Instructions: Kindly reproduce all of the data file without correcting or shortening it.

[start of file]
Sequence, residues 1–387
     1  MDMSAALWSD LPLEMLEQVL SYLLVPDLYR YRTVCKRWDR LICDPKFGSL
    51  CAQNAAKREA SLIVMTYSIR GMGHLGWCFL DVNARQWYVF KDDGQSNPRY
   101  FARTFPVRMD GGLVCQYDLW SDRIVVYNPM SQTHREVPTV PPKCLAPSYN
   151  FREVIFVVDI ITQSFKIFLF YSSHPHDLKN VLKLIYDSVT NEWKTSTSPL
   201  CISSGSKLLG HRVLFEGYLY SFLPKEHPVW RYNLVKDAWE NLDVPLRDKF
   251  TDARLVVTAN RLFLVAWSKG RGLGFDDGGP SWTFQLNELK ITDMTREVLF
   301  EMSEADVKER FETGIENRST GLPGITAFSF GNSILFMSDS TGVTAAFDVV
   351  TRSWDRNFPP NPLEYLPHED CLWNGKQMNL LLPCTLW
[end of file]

Sequence, residues 1–387
     1  MDMSAALWSD LPLEMLEQVL SYLLVPDLYR YRTVCKRWDR LICDPKFGSL
    51  CAQNAAKREA SLIVMTYSIR GMGHLGWCFL DVNARQWYVF KDDGQSNPRY
   101  FARTFPVRMD GGLVCQYDLW SDRIVVYNPM SQTHREVPTV PPKCLAPSYN
   151  FREVIFVVDI ITQSFKIFLF YSSHPHDLKN VLKLIYDSVT NEWKTSTSPL
   201  CISSGSKLLG HRVLFEGYLY SFLPKEHPVW RYNLVKDAWE NLDVPLRDKF
   251  TDARLVVTAN RLFLVAWSKG RGLGFDDGGP SWTFQLNELK ITDMTREVLF
   301  EMSEADVKER FETGIENRST GLPGITAFSF GNSILFMSDS TGVTAAFDVV
   351  TRSWDRNFPP NPLEYLPHED CLWNGKQMNL LLPCTLW